Pallone Helps Pass Bipartisan Brownfields Bill through House
Washington, DC – Today Congressman Frank Pallone, Jr. (NJ-06), led floor debate for House Democrats and helped pass the bipartisan Brownfields Enhancement, Economic Redevelopment, and Reauthorization Act of 2017 through the House Representatives. As the Ranking Member of the Energy and Commerce Committee, Pallone worked closely with his colleagues in a bipartisan fashion to advance the reauthorization legislation out of the committee earlier this year.
The Brownfields program was created in 2002 by bipartisan legislation authored in the House by Pallone and the late Rep. Paul Gillmor of Ohio to assist communities with the cleanup of former industrial properties where redevelopment is complicated by the presence of environmental contamination. When the program was first authorized, there were an estimated 450,000 brownfields properties in the U.S. According to the U.S. Environmental Protection Agency (EPA), more than 59,000 brownfields sites have already been revitalized.
The reauthorization legislation will extend the federal Brownfields fund through 2022 and make important reforms to the program. The bill improves the flexibility of the program, authorizing multi-purpose grants, raising the limits for grants per site, and removing some funding caps in current law. It also allows EPA to reserve as much as $1.5 million in brownfields funding each year to assist small communities, tribes, and rural or disadvantaged areas. Grants could be used for training, research, and technical assistance. Additionally, H.R. 3017 would require the EPA to consider the potential for renewable energy production when ranking applications for brownfield grants, to incentivize green energy projects.
“The Brownfields program has been an incredibly important tool for protecting public health and spurring economic growth in New Jersey and throughout the country,” Pallone said on the House Floor today. “The Brownfields program is proof that having a strong economy and protecting the environment is not an “either-or” issue. We can have both.”
Since 2002, New Jersey has received over $34 million in Brownfields grants. The vast majority of these funds, approximately $29 million, were awarded for assessment and cleanup efforts. In his closing remarks, Congressman Pallone emphasized several projects in New Jersey that have benefited from the Brownfields program.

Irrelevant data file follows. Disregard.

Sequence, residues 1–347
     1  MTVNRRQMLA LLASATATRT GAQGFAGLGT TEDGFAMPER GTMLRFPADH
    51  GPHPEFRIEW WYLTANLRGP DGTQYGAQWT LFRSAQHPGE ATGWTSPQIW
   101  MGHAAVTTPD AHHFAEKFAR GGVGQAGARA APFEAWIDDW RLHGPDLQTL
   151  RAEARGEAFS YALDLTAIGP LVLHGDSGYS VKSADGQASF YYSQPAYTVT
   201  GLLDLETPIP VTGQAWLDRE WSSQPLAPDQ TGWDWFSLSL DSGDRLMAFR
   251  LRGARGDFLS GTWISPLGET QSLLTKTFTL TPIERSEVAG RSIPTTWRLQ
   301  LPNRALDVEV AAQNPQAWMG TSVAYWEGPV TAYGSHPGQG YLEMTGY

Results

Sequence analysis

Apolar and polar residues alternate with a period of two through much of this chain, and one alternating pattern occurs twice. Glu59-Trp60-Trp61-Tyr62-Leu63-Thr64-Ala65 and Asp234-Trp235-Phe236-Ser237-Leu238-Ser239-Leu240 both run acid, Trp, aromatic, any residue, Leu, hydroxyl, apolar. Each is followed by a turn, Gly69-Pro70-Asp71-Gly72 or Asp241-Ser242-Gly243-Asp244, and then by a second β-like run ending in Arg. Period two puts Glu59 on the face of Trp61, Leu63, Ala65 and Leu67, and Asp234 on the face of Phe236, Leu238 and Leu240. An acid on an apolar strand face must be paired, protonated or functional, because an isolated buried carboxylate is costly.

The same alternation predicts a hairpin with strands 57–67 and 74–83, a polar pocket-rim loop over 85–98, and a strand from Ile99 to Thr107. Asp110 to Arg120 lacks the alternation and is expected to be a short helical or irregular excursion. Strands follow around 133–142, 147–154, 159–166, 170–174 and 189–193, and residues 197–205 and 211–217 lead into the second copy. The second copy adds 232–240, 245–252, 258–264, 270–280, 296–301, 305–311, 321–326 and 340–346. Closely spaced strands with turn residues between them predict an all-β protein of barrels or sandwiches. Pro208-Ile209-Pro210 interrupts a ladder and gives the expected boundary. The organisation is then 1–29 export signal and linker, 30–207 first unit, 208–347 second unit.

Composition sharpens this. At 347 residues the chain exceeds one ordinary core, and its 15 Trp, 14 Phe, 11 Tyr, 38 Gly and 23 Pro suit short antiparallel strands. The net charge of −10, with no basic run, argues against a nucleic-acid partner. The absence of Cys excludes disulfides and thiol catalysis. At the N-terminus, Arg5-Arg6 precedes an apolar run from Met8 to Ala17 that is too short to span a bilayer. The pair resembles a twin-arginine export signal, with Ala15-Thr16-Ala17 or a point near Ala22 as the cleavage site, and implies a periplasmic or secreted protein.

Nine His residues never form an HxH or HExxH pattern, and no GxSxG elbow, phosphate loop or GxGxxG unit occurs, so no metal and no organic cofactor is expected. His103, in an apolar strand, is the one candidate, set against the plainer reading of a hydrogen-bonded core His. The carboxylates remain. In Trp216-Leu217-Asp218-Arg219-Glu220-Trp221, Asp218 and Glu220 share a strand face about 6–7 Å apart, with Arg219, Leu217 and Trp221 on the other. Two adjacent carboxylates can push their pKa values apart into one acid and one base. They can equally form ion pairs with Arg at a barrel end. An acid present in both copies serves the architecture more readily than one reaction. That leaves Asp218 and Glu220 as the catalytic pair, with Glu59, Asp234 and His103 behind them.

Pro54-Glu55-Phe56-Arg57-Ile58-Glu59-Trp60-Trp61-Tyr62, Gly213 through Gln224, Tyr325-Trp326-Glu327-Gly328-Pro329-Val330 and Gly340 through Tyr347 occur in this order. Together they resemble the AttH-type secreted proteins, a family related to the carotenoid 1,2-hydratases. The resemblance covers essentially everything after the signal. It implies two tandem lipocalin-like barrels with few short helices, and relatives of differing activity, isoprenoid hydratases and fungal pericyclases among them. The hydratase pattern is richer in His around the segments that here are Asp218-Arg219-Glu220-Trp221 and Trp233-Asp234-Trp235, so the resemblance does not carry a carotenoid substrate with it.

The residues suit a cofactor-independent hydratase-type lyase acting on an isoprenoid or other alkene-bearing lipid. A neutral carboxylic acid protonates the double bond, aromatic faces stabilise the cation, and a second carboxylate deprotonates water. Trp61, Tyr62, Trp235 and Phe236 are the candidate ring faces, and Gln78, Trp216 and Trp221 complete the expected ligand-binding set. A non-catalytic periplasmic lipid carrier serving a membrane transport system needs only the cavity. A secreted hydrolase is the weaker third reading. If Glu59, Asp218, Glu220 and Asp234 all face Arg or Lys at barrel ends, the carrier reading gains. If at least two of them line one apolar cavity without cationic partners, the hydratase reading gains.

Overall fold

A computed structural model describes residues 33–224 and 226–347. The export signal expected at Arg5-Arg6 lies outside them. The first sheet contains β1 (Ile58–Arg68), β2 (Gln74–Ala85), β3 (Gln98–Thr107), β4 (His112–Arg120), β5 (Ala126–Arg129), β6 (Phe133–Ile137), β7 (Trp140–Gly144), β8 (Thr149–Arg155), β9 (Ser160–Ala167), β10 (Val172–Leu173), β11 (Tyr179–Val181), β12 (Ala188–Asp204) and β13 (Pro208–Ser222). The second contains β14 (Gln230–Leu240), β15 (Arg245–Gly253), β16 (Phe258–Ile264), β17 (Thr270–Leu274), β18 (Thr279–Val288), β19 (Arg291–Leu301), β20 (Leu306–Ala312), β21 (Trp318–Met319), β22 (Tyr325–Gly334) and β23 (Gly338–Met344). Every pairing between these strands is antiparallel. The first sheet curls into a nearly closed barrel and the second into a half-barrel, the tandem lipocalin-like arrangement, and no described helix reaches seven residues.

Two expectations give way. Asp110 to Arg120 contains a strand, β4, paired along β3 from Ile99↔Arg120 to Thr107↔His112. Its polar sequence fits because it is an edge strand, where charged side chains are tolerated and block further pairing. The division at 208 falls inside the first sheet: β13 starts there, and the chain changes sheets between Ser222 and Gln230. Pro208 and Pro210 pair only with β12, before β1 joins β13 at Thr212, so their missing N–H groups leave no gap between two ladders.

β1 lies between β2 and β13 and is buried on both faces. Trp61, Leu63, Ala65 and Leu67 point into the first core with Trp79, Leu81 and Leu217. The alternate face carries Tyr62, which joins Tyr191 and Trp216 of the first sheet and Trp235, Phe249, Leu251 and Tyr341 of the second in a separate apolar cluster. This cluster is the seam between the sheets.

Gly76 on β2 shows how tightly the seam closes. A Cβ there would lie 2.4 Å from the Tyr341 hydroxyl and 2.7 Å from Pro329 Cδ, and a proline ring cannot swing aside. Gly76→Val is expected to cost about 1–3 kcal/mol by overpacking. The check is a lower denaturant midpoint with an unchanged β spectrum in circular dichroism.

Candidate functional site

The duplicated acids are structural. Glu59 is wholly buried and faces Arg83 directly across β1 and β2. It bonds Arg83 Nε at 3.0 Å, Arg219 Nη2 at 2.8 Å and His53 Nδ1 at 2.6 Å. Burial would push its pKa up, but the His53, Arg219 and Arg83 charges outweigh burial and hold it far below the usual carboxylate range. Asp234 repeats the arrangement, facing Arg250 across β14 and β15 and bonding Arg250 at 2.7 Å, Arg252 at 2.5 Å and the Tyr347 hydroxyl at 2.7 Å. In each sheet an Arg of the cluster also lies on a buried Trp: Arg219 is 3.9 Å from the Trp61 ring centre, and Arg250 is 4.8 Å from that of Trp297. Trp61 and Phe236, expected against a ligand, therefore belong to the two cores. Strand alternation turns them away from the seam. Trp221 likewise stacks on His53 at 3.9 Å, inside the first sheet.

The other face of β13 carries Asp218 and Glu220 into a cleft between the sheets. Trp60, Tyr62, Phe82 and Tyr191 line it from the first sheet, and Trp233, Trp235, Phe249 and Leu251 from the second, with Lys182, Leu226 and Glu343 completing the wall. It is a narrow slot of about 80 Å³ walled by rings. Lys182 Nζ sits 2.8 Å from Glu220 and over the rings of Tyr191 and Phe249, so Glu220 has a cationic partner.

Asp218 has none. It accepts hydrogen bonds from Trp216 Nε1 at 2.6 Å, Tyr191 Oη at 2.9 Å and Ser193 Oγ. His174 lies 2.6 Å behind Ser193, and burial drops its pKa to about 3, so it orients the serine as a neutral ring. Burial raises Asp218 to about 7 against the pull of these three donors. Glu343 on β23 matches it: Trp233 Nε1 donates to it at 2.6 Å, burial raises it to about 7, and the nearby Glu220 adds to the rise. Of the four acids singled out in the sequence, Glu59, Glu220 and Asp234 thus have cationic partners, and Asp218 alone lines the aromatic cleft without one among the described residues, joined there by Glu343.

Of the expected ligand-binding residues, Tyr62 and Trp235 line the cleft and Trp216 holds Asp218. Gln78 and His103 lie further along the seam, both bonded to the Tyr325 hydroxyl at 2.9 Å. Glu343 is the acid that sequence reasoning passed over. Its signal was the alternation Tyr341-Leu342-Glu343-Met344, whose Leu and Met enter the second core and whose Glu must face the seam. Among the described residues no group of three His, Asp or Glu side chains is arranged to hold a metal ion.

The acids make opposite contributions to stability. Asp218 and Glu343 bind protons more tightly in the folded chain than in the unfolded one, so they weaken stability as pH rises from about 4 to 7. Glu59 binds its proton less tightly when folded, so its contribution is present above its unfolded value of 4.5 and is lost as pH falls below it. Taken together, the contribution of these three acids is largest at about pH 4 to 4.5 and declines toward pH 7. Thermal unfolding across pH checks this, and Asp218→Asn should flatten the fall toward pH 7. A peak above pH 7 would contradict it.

The video of his closing remarks on the floor can be found here and the text can be found below.
I’d like to close by talking about how important this program has been to our nation and my home state since its creation back in 2002. New Jersey has too many of these types of contaminated sites, and we need federal help to clean them up and redevelop them.
For example, a former DuPont property on the waterfront in Carteret is being redeveloped to be a ferry terminal to carry commuters to New York City. That site is a great example of how a redeveloped Brownfield site can be beneficial for the community.
Asbury Park, another town in my district, received two substantial federal Brownfields grants last year. One of those grants is being used to assess eight contaminated sites and prepare two cleanup plans. The other grant is going to assessing and redeveloping sites around the train station and the downtown area that were contaminated with petroleum.
Just this week, I visited another brownfield site being redeveloped in my district, the Woodbridge Waterfront Park. When completed, the Waterfront Park will include approximately 30 acres of restored wetlands, walking trails, a boardwalk overlooking the wetlands, and a viewing platform at the Raritan River.
Federal funds through the Brownfields program helped make these projects happen.
The Brownfields program is proof that having a strong economy and protecting the environment is not an “either-or” issue. We can have both.